Women: targeted in war, yet building peace

Mon, Jan 28, 2013

Human Rights, Women and Children


It is now more dangerous to be a woman than a soldier in a modern conflict. (Major General Patrick Cammaert, 2008 – former UN peacekeeper)

There is nothing accidental about the surge in the incidence of rape in war zones. Leaders aiming to ethnically cleansing a population know rape destroys the fabric of traditional societies. Be they Bosnians, Rwandans or Darfuris in Sudan, women give strikingly similar accounts of sexual violence and humiliation.

Accompanying this ruthless tactic is the increasing violence toward women shown by societies that have endured oppression. Research by the Small Arms Survey and others indicates that when men and boys resort to violence to settle scores, in disputes such as cattle raiding, they are more likely to turn on women. Violence becomes accepted as normal. Add to this the relative ease with which small arms are obtained in the wake of conflict and the dangers to women are awfully clear. 

Yet, it is unfair to categorise women as passive victims – they often hold their family together in the face of adversity, rebuilding shattered communities in the wake of war. Anyone who has visited a refugee camp understands that it is women who get everyone up in the morning, trying to maintain normality.

Working to combat the human rights abuses perpetrated in Sudan – from the government’s systematic ethnic cleansing to the suffering of refugees – Waging Peace knows that even in the camps many women are not safe. Whenever they venture out to collect firewood, they often face attack by the same militias who burnt their villages and killed their men. Despite the presence of international peacekeepers, there is almost no protection for women. Welcoming the Foreign Office’s commitment to highlight such violence, we urge the UK government to provide practical help, like firewood patrols and solar ovens. Action must now follow words.

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Women, Peace and Security – UN Security Council Resolution 1325

Women, Peace and Security 


UN Security Council Resolution 1325 was the first of its kind to specifically address the unique impact of conflict on women, and women’s important contributions to conflict resolution and sustainable peace. Passed in 2000, it marked a watershed moment when the international community formally recognized the integral role of women and gender to peace and security. UNSCR 1325 has remained an essential tool for encouraging governments to fulfill their obligations to ensure women are included as agents for peace and security in all processes, and its framework has inspired further action by the UN and civil societies and governments around the world to mainstream gender into their work on conflict resolution.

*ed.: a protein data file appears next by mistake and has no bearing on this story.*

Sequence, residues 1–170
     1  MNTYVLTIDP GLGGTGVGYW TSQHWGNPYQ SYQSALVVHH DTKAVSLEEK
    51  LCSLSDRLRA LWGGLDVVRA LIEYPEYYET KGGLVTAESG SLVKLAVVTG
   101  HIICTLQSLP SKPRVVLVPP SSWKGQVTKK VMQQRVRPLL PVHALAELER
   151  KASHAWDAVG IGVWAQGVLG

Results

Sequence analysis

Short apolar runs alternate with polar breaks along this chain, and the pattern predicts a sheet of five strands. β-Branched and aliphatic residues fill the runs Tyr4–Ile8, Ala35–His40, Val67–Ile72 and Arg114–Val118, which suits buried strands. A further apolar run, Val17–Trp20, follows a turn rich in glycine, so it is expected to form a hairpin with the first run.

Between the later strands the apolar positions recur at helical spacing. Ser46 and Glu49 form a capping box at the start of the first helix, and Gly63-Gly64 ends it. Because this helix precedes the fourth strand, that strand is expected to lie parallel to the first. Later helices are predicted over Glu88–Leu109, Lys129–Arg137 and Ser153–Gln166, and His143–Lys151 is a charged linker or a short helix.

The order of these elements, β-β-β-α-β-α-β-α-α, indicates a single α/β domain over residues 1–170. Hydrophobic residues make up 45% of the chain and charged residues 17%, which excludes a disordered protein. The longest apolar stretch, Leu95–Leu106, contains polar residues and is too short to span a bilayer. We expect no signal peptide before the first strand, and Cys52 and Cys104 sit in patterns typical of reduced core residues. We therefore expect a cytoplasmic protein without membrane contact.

Following UNSCR 1325, subsequent Security Council Resolutions further defined the importance of women’s roles in conflict and peacebuilding. Resolutions 1820, passed in 2008, and 1888, passed in 2009,  recognize sexual violence as an issue of international peace and security and reiterate the need for a comprehensive response to sexual and gender-based violence. In 2010, Resolution 1960 created specific steps needed for the prevention of sexual violence, and Resolution 2106 in 2013 looked specifically at accountability for crimes of sexual violence. The most recent resolution on women, peace and security, UNSCR 2122, aims to strengthen measures to improve the participation of women in all phases of conflict resolution and prevention.


UNSCR 1325 and successive Resolutions are an important show of international support that ensure women, peace and security are on the agenda for international organizations and governments across the globe, but there are many steps between the passage of such resolutions and their full implementation on the ground.  One tool that helps bridge this gap are National Action Plans(NAPs), written plans that specify how a country will mainstream gender, and the principles of 1325 into its defense, development and diplomatic activities. Over 36 countries in the world have drafted NAPs, and that number is growing every year.


In addition to government- and UN-level documents and programs, it is important to consider the work women do in more informal, Track II diplomatic and peace negotiations. Around the world, women are active as civil society leaders, and in many cases, such as Liberia, Northern Ireland and the Philippines, their grassroots work has played a major role in peace processes.


For more resources on women, peace and security, visit The Georgetown Institute for Women, Peace and SecurityPeaceWomenUSIP, and The Institute for Inclusive Security.

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